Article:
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ing honour to God; as the earthern vessel, in the potter's hand is important to answer his occasions. Our place and rank in the universe should teach us to appropriate nothing to ourselves, and to study nothing with so much zeal as to glorify God with our body. and spirit which are God's.
Infinite knowledge an attribute of Deity.
PSALM cxlvii. 5. last clause.
His understanding is infinite.
LTHOUGH the mystery of the Godhead is absolutely unfathomable to a fi nite mind; yet it is easy to see with what kind of attributes the Deity must be clothed, in order to his holding and exercising his own peculiar prerogatives. By some it is. often alledged, that mysteries should never be meddled with, nor touched upon, because their depth is beyond the soundings of the short lines of our limited intellect. We must not dwell upon any thing which is too great for our comprehension. If this be a true doctrine, or a judicious maxim, in divinity, it must be confessed, that we are now venturing upon forbidden ground, in undertaking a discourse upon the infinite knowledge of
Infinite knowledge an attribute of Deity. 59
God, as a divine attribute. That infinity is perfectly incomprehensible to a created mind, is what no one disbelieves. And that God is infinite in knowledge, or understanding, as well as other perfections, is not only as serted in the text, and in various other parts of the scriptures; but is admitted by all who seriously believe in the eternal existence of one God. Now, if it be unlawful for us to indulge a freedom of thought, or of expres sion, upon any subject, in which mystery is concerned, we lie under an absolute prohibition, either to advance a single idea respecting that knowledge of God, which is essential to his character, and which is so often brought into view in his word, or to speak in relation to any other branch of his divinity; for the whole is a mystery. "Canst thou by searching find out God? canst thou find out the Almighty unto perfection? It is as high as heaven, what canst thou do? deeper than hell, what canst thou know? The measure thereof is longer than the earth, and broader than the sea." Is any one prepared to say, that if our minds are not capacious enough to take in all the objects of God's knowledge, or to measure the vast extent of his understanding, because it is immense; then we can derive no advantage from knowing that his understanding is infinitely superior to ours? The benefit arising from an acquaintance with divine. mysteries, is not that we may be able so to develope and explore the mysterious truth,
that it shall cease to be a mystery, and appear to us in the same familiar and comprehensible point of light, that it does to the infinite God; but that we may perceive how great is the difference between the supreme Being and ourselves; what is the character of the eternal Sovereign, in distinction from all other beings. And though we can have no. adequate idea of a being infinite in understanding, and infinite in all his other attributes, as that which has no bounds, surpasses all the powers of the created mind; yet this, does not imply, that God's being thus highly exalted above us must be, to us, a useless truth. There are many reasons, why we should entertain such views of God, as accord with truth, with the actual extent of his attributes. One is, the necessity of it to our exercising confidence in him. Though we are unable, even in imagination, to run an infinite line, as the geometrician_marks out the territory, which is given him to measure; and though we cannot possibly survey, in thought, an object of infinite magnitude, nor see, in any direction, how far infinity extends; yet, without any labour, we both see and feel, that a being, who is less than infinite, cannot be equal to the vast concerns of universal government; cannot share our confidence, as supreme ruler, and disposer of all things. We have before seen, that the Judge of all the earth, to merit the confidence of intelligences, must do right.. The next inquiry is what are the requisites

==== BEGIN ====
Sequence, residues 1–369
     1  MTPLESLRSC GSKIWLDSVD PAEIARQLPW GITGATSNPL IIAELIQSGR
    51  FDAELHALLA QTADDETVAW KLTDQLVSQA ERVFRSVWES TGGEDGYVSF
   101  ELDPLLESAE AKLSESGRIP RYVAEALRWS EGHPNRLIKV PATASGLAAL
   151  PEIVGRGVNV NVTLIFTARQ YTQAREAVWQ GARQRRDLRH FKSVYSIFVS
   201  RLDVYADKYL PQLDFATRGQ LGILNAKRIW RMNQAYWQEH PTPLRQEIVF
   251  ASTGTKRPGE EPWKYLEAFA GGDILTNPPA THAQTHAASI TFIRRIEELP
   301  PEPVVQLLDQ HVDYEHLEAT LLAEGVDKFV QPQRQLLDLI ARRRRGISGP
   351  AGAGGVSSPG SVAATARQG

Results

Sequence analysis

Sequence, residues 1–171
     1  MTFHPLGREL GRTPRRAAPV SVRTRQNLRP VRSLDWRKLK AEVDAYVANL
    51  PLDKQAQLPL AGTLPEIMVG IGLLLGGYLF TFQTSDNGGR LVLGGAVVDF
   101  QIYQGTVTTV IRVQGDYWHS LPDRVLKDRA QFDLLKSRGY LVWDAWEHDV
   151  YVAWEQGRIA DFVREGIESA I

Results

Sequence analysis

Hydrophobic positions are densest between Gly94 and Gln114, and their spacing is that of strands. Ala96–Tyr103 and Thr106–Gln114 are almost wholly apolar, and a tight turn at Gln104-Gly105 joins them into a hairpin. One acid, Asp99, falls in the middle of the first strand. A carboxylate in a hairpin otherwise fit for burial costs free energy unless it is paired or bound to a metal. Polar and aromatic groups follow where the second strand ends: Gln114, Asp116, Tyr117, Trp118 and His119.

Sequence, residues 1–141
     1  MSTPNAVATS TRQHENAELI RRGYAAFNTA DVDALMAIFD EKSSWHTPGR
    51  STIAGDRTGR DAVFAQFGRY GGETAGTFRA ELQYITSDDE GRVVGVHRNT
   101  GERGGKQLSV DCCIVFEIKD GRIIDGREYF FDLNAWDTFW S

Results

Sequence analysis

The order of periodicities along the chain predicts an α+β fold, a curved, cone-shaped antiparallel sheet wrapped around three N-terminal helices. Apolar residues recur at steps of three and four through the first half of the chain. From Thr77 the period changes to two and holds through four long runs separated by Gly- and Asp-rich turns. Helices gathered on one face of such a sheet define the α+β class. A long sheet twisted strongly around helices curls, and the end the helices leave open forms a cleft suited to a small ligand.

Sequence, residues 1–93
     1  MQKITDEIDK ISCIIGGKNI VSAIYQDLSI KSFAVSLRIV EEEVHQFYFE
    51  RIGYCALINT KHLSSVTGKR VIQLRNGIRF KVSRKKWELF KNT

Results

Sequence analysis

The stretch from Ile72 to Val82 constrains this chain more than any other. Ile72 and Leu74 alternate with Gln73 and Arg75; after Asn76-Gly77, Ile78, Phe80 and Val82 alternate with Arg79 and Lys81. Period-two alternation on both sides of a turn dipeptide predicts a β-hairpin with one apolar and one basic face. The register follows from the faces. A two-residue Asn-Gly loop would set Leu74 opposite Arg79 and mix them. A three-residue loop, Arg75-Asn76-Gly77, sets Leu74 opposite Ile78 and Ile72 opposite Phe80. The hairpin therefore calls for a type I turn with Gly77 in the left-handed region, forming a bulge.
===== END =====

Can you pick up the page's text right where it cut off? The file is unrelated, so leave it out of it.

to his thus doing? Undoubtedly they are many; but that, which we are now to consider, is his knowledge, or understanding, as expressed in the text. No one can be perfect in practice, whose mind is not duly fur.. nished with wisdom to direct him. A knowledge of what is right, is certainly prerequisite to the practice of it. Casual actions, or those that are performed unwittingly, how.. ever well they may operate, are never imputed to the doers of them, as virtues. We must know we ought to act, and regulate our conduct accordingly, in order to our deserv ing the repute of doing right. On the other hand, however fair and upright our intentions may be, yet, if they are associated with ignorance, they cannot afford a reasonableground of confidence to the persons to be affected by them. If God is surrounded with an immense host of intelligent subjects, whose: welfare depends on the proper arrangements,, and faithful execution of his providence, is it not most important to them, that he should be wise as well as good? that he should know how to regulate his own kingdom in the most perfect manner? If he is judged at all. deficient, in this respect, however they may admire and applaud his good intentions, they cannot cheerfully confide their interests to his hands. As the well-being of the universe rests upon the perfection of God's government, upon his doing what is right; so, as it has been heretofore suggested, right, in. God, is his promoting his own glory in the